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Emergency carotid artery stenting for progressive traumatic internal carotid artery occlusion
  1. Yuta Oyama1,
  2. Takeshi Uno1,
  3. Masahiro Asami1,
  4. Takahiro Onuki2,
  5. Masahiro Shin1
  1. 1Neurosurgery, Teikyo University School of Medicine, Tokyo, Japan
  2. 2Emergency Medicine, Teikyo University School of Medicine, Tokyo, Japan
  1. Correspondence to Dr Yuta Oyama; yutang0122{at}gmail.com

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Case presentation

A woman in her early 40s experienced an accidental fall down stairs requiring transfer to our hospital. When she arrived at our emergency department, her consciousness was clear, and assessment of vital signs revealed: heart rate, 62 beats/min; blood pressure, 174/119 mm Hg; respiration rate, 16 breaths/min; and saturation of percutaneous oxygen level, 100%. Neurological examination revealed motor paresis of the right upper and both lower limbs with sensory disturbances below the level of the 4th thoracic dermatome. Cervical CT showed dislocation between the 6th and 7th cervical vertebrae. Simultaneously, CT angiography showed stenosis of the right internal carotid artery (ICA), but cerebral blood flow remained normal (figure 1). The patient showed cervical cord injury classified as American Spinal Injury Association Impairment scale A and underwent emergency surgical vertebroplasty. However, postoperatively, she presented with mild paresis of the left upper limb. MRI of the head was performed on postoperative day (POD)1, disclosing cerebral ischemia of the right centrum semiovale and markedly reduced flow in the ipsilateral ICA. We started continuous administration of intravenous heparin, but left-sided hemiparesis remained unimproved. On POD2, second MRI disclosed further enlargement of the ischemic areas and defective flow signal in the right ICA (figure 2). This led us to perform cerebral angiography, showing near occlusion of the right ICA and no cross-flow from the left ICA. These findings suggested a state of progressive ischemia in the right cerebral hemisphere.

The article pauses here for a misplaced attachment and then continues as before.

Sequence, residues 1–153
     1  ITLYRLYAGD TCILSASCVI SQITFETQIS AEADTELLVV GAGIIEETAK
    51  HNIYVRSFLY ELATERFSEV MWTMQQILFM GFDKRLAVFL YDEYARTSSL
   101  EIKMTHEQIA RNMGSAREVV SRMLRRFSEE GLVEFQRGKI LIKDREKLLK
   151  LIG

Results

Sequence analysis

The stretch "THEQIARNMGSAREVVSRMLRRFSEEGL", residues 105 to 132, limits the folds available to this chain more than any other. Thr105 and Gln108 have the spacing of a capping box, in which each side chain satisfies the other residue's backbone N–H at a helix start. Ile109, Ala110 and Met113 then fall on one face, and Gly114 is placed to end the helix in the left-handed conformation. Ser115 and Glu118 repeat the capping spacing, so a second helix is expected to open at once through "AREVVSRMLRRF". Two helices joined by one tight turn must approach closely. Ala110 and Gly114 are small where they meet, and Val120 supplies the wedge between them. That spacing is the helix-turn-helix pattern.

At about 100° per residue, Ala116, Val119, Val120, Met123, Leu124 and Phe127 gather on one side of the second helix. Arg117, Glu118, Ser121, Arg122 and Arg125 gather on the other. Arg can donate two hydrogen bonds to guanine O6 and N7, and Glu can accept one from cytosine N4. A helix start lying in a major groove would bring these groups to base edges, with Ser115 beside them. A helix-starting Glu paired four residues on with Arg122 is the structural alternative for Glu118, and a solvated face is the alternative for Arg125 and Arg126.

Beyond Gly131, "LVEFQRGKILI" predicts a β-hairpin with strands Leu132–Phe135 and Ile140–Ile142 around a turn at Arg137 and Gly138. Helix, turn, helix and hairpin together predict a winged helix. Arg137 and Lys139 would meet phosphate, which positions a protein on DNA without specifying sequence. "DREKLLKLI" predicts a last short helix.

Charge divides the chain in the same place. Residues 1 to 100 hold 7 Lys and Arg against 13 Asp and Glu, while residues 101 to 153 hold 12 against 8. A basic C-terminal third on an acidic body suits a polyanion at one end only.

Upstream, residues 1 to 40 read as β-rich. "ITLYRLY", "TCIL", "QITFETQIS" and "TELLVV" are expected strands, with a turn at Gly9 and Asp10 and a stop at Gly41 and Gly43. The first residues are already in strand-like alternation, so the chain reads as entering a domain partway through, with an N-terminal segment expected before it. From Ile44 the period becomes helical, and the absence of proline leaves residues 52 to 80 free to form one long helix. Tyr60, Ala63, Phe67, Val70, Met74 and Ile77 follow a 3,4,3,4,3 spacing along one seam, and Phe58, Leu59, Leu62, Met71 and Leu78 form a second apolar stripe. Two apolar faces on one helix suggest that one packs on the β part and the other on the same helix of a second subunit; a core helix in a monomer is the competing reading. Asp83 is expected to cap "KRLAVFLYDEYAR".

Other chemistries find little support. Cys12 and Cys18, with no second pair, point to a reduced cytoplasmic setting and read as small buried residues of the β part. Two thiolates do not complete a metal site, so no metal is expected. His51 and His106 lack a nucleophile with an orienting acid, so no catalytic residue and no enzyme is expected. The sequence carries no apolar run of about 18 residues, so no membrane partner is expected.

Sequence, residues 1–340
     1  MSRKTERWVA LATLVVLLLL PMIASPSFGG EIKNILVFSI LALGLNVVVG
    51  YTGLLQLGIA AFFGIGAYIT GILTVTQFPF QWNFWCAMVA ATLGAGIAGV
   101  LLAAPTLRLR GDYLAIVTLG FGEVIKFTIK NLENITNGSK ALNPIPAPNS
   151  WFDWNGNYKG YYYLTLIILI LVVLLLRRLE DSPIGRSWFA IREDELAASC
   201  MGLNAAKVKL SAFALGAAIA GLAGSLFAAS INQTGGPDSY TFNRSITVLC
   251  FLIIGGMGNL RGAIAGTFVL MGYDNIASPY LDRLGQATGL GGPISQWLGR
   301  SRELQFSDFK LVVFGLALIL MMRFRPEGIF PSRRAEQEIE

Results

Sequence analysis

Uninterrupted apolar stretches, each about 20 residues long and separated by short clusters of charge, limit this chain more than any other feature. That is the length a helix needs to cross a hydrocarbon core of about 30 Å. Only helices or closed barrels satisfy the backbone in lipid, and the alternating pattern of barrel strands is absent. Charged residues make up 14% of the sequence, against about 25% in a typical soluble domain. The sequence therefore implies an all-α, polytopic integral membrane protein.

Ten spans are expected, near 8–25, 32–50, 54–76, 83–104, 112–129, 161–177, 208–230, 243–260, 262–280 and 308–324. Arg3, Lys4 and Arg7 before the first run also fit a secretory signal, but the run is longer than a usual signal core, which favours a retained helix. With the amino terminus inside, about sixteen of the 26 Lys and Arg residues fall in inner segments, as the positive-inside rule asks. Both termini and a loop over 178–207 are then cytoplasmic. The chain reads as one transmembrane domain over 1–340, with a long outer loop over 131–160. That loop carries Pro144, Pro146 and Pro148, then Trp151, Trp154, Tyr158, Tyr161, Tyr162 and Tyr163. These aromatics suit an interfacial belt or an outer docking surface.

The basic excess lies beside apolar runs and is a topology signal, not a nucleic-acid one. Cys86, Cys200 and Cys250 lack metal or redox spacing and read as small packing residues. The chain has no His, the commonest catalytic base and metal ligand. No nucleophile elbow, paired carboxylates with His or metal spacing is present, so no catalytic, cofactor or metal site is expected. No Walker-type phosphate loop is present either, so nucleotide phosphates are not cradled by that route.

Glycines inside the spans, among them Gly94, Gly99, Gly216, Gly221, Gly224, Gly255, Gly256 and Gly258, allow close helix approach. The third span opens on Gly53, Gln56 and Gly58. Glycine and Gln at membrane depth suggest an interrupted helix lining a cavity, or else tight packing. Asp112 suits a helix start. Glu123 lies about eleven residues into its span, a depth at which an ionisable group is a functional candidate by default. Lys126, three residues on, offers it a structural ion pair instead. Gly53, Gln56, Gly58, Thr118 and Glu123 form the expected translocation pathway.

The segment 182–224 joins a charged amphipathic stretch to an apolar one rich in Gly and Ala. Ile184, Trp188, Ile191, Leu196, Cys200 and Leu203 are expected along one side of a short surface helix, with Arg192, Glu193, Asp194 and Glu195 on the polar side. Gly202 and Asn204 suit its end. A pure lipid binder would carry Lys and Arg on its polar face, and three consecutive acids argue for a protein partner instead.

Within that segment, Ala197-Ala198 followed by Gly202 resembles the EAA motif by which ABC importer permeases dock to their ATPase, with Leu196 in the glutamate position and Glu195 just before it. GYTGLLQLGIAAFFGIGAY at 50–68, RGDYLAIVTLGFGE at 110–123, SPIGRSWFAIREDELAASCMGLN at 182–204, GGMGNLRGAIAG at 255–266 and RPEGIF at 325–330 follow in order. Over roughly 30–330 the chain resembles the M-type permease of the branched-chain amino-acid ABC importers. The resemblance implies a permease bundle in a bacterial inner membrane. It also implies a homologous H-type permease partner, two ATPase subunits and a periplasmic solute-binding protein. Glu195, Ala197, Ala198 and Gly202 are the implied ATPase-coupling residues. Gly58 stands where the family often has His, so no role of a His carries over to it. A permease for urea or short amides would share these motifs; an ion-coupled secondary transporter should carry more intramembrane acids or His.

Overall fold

Figure 1

Head and neck CT with contrast enhancement on arrival at the emergency department. (A) CT on sagittal section discloses cervical dislocation between the 6th and 7th cervical vertebrae (white arrow). (B) CT angiography shows stenosis of the right internal carotid artery (ICA) (black arrow) and a patent left ICA.

Figure 2

MRI on postoperative day 2. (A) Diffusion-weighted MRI discloses enlargement of ischemic areas in the right centrum semiovale. (B) MR angiography shows a defect in the flow signal of the right internal carotid artery (white arrows) with preservation of the right middle cerebral artery.

What would you do next?

  1. Carotid endarterectomy on the right side

  2. Extracranial-intracranial (EC-IC) bypass surgery on the right side

  3. Placement of a carotid artery stent in the right ICA

  4. Endovascular angioplasty of the right ICA

What we did and why?

Angiography of the right ICA showed a severely stenotic but intact lumen of the artery, and we decided to perform endovascular carotid artery stenting. Before the procedure, the patient orally took 200 mg of aspirin and 300 mg of clopidogrel, and 80 mg of sodium ozagrel was administered intravenously. A 5-Fr sheathless guiding catheter (ASAHI FUBUKI; Asahi Intecc Co., Aichi, Japan) was introduced into the common carotid artery. Carefully following the arterial lumen of the right ICA, hydrophilic guidewires (CHIKAI 14; Asahi Intecc Co.) were slowly advanced to the distal part of the stenotic ICA, where a carotid artery stent (8 mm in diameter, 29 mm in length, Carotid Wallstent; Boston Scientific, Natick, MA) was deployed. After the procedure, angiography of the common carotid artery revealed recovery of anterograde blood flow in the right ICA (figure 3). After this procedure, symptoms stabilized and the patient was transferred to another hospital for rehabilitation of remaining motor deficits.